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Dance and music of the Sinhalese
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Author:  Lanka [ Thu Sep 15, 2005 3:51 am ]
Post subject:  Dance and music of the Sinhalese

Quote:
Dance and music of the Sinhalese

by M. B. Dassanayake
@ The Island

Our historical record, the ‘Mahavamsa’, tells us that the Aryan Prince Vijaya heard music on the day he landed on the shores of Lanka.

According to Pali scriptures the ‘Yakkas’ (one of the tribes inhabiting the Island at the time) were fond of songs and dances.

It may be that some of the devil dances that have remained with us to the present day owe their origin to the ‘Yakka’ dances.

That a well developed system of Sinhalese music existed in ancient Lanka seems probable. Numerous references in Sinhalese literature, stone carvings and frescoes support this assumption.

But to trace exactly what the system was from the imperfect fragments performed today by professional Sinhala musicians, is no easy task.

The art of music, like most of the other arts in the East has been handed down the centuries orally from teacher to pupil. It was not written down in notation as in the West.

Bands of hereditary professional musicians and dancers kept the tradition alive.

Their patrons the kings, princes and nilames, freed them from want by rich presents and gifts of land and kept them at their palaces and mansions, so that they could devote time to perfect their art.

When as a result of foreign occupation, this royal patronage was withdrawn, the professional musicians had to turn to cultivation to eke out a living, and the standard of musical performance as well as the art of music naturally declined.

In the face of these drawbacks, it speaks well for the virility of Sinhala poetry, music and dance that these arts have been kept alive.

It is in the Kandyan Kingdom, that last stronghold to fall into the foreign hands, that the remnants of the art of music have been best preserve.

The Kandyan dances are world famous

The curious part about these dances is that singing as well as the playing of musical instruments such as the ‘udekki’ or ‘Geta-bera’ and ‘Talampata’ (hand cymbals) accompany the dance. In the ‘udekki’ dance, the dancers sing, play and dance.

This shows that from ancient times the Sinhalese ‘sangita-sastra’, the art of Sinhala music, had three component parts — dancing, singing and the playing of musical instruments. The art of music was considered incomplete without all three elements.

Incidentally the form of Buddhism that came into Sri Lanka about the third century B.C., forbade monks from indulging in these three arts — ‘nacca, gita and vadita’ on the ground that they roused the passions.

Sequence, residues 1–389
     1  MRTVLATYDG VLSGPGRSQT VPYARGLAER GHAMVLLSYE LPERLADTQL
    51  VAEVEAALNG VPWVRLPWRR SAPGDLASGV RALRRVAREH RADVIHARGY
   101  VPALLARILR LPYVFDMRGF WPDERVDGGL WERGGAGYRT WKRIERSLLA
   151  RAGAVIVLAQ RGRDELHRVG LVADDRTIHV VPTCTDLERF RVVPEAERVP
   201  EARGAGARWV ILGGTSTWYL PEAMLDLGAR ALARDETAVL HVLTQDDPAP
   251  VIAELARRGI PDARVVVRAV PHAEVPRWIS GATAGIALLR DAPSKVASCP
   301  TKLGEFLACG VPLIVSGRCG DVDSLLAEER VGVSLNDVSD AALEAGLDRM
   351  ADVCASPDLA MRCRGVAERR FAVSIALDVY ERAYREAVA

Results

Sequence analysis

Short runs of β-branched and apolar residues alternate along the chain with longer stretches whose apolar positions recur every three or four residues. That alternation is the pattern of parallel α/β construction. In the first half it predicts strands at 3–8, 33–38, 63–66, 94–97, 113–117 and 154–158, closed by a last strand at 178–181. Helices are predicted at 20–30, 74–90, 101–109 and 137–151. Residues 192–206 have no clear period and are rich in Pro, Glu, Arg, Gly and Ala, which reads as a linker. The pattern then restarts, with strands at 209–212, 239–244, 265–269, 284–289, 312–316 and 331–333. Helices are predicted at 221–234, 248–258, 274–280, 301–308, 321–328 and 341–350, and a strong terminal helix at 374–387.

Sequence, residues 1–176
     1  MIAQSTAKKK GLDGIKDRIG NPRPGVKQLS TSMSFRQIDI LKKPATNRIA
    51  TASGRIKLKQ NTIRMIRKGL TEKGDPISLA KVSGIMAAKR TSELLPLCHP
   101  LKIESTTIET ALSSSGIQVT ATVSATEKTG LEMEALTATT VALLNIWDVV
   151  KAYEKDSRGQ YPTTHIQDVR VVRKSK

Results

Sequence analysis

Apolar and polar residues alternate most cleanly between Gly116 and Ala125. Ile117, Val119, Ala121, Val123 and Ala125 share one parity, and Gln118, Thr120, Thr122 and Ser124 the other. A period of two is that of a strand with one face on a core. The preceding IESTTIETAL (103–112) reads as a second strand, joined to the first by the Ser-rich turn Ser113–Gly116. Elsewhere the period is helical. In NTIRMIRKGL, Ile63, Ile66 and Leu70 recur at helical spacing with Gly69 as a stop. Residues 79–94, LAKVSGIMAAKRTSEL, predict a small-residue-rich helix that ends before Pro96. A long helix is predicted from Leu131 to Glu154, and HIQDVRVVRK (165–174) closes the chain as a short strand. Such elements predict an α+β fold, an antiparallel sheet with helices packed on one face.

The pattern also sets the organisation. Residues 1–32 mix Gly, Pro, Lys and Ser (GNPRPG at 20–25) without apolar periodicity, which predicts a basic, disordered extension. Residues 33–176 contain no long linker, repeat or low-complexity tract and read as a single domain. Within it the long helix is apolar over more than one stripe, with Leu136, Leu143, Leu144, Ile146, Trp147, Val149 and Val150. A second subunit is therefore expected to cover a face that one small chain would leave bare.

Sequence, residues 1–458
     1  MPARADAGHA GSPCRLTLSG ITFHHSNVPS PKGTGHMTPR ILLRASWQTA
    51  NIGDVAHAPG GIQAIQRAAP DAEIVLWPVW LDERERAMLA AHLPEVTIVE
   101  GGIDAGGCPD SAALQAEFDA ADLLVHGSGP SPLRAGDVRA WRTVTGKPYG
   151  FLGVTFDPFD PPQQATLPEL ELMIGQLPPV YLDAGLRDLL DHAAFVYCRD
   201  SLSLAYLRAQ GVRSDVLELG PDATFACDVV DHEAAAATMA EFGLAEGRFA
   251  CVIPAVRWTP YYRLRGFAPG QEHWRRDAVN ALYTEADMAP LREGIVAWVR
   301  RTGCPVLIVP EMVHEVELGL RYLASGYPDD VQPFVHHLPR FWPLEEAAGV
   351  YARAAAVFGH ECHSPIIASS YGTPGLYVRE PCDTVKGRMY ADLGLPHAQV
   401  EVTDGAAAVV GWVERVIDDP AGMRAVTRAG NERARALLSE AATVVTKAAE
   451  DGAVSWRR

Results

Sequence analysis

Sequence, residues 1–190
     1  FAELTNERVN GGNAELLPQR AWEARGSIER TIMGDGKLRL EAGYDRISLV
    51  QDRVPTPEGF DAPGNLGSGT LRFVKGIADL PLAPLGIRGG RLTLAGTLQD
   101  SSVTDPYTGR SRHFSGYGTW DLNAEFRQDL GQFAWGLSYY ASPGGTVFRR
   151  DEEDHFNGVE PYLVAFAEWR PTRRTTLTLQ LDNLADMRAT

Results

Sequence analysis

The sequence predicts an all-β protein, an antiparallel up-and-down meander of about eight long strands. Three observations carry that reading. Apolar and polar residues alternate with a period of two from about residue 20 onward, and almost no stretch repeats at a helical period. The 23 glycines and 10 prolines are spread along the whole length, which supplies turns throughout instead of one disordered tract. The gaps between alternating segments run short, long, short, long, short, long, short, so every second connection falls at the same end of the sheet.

Most of the remarkable ‘Vannams’ sung by the Kandyan dancers during the Kandy Esala Perahera as a prelude to their dance are named after animals and are based on their movements.

Thus the ‘gajaga vannama’ moves to the slow majestic tread of the elephant. The ‘kudiradi’ or ‘thuranga vannama’ follows the trot and gallop of the horse.

A vivid portrayal of the leisurely gliding flight of the hawk and its sudden swoop to the earth to seize its prey, is characterized in the ‘ukussa vannama’.

These colourful dances are magnificently executed; but the descriptive song has hardly any definition of melody, though the rhythm supplied by the ‘udakki’ is rigidly observed.

The singing, too is usually unrefined, crude and nasal. One cannot imagine our cultured Sinhalese kings countenancing such poor voice production in any of their royal musicians.

This again goes to support my contention that there has been decadence owing to lack of patronage, especially from 1815 onwards when the last king ceased to rule the Kandyan Kingdom.

When Emperor Dharmasoka sent his daughter Sanghamitta with a branch of the sacred bo-tree to Sri Lanka, she was accompanied by bands of musicians and dancers who performed on the five kinds of musical instruments ‘panca turya nada’ thrice a day in honour of the sacred bodhi tree.

These five sorts of instruments were:

* Atata (one faced drum), * Vitata (two faced drum), * Vitata-taya (three faced drum), * Ghana (metal percussion, * sisiraya (wind instrument)

Seventy-five musical instruments used in ancient Sri Lanka comprise — twenty-six varieties of drums (one and two faced); eight kinds of ‘Vinas’ (three, five, seven, twelve, thirteen, twenty-one stringed etc.). Twenty-six varieties of wind instruments (bamboo and wooden flutes etc) and fifteen kinds of metal percussion (hand cymbals, metal bells, tinkling anklets etc).

Of these seventy-five instruments those in common use today are drums ‘magul-bera’, ‘geta-bera’, ‘mihingu-bera’, ‘maddala’, ‘udekki’, ‘pana-bera’, ‘davula’, ‘tammattama’, ‘hewisi’ and ‘rabana’.

The wind instruments used are ‘horana’ (large and small), ‘naga’, ‘sinnan’, ‘rak-sinnan’, ‘vas-dandu and sak’ (conch-shell).

The imposing ‘maha-kombu’ is some what like a tuba in appearance. Unfortunately, it is little used.

The revival of Sinhala music has been very marked during the past two decades. In our schools, Sinhala nursery rhymes and patriotic songs are replacing foreign rhymes.

Let us hope that Sri Lanka will find her soul through her culture and music. Sinhalese musicians will regain their lost foundations and build on them an edifice of Sinhalese music that will make its own contribution to the world.

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